This tutorial guides you through the implementation of a new functionality in YAMBO. Though it considers the specific problem of computing the momentum distribution the procedure you will follow is general. This example is necessarily simple to fit in the tutorial. For such a simple calculation in "real life" one would likely opt for easier solutions than the one here proposed. However, rather than learning how to code the calculation of the momentum distribution, through this exercise you will learn about the general YAMBO structure, the underlying coding-philosophy and the key subroutines and variables and you will be well-equipped to start your own project if you wish.
Together with this tutorial we are also setting up specific subversion branches inside the GPL repository (still experimental) for users who would like to add new features to the yambo code. Thus, in case you are interested, please contact the yambo team email@example.com and we will be glad to set up a specific branch for your needs.
As well, before starting it is important to understand what is a "runlevel"?
"runlevel" is a particularly important notion in developing YAMBO. YAMBO operates through a series of functionally distinct runlevels. Each runlevel carries out a specific physical task. The main runlevels are activated via the command-line interface (or in case of dependencies by other runlevels). For example "yambo -x" activates the calculation of the Hartree-Fock self-energy. In practice it creates an input file that contains the name of the runlevel (HF_and_locXC) and all the relevant input variables. By invoking YAMBO then the code executes just the HF self-energy runlevel. Runlevels terminate with the creation of one or more databases containing the results of the calculations (for example the HF self-energy runlevel creates the db.HF_and_locXC in the SAVE directory). As well during the run a runlevel output specific log and report files, and depending on the runlevel, human-readable output files that tabulates results for e.g. plotting.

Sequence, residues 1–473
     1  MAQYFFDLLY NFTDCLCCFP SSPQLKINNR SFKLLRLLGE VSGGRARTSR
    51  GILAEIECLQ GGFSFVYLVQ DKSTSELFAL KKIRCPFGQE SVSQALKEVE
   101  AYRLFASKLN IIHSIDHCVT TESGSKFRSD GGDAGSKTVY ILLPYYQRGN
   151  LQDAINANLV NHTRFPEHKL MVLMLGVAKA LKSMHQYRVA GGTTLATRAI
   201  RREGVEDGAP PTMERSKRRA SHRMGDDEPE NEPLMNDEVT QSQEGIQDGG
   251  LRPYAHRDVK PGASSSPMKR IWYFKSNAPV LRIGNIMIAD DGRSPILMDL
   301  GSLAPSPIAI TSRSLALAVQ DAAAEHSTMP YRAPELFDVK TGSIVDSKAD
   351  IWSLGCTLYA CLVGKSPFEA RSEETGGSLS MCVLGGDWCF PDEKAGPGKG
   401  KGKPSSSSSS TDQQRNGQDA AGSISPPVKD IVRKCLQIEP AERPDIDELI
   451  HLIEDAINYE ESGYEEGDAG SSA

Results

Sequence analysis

First, you will create a dedicated runlevel for the momentum distribution. From what you learned here above on runlevels this implies to add a new option to the command-line interface and a new logical variable (a flag) to yambo which value is "true" ("on") when the runlevel is activated. You also want this logical variable to appear in the input generated by the command line. As you will see for this you just need to add few lines of code basically re-using the existing structure. JUMP to the first part.
Second, you need to create the input variables and add them to the generated input file so that the user can change their values. YAMBO makes a quite extensive and systematic use of fortran modules. A module is "a program unit that packages declarations and subroutines and can be easily imported into other program units". At this step you will create a module that contains the declarations of the input variables for the runlevel. Then you will "import" the module into the subroutine that 'write' the input file. In this step you see as well how to add a file to the list of files to be compiled by the "make yambo". JUMP to the second part.
Then you are ready to actually "insert" the Mdistr_driver.F subroutine into YAMBO. In this step you will take a close look of the extra source code. You will then add a call to the subroutine into the YAMBO main driver. JUMP to the third part.
Finally, you will take care of the runtime messaging (log, report) and output of the results.JUMP to the last part.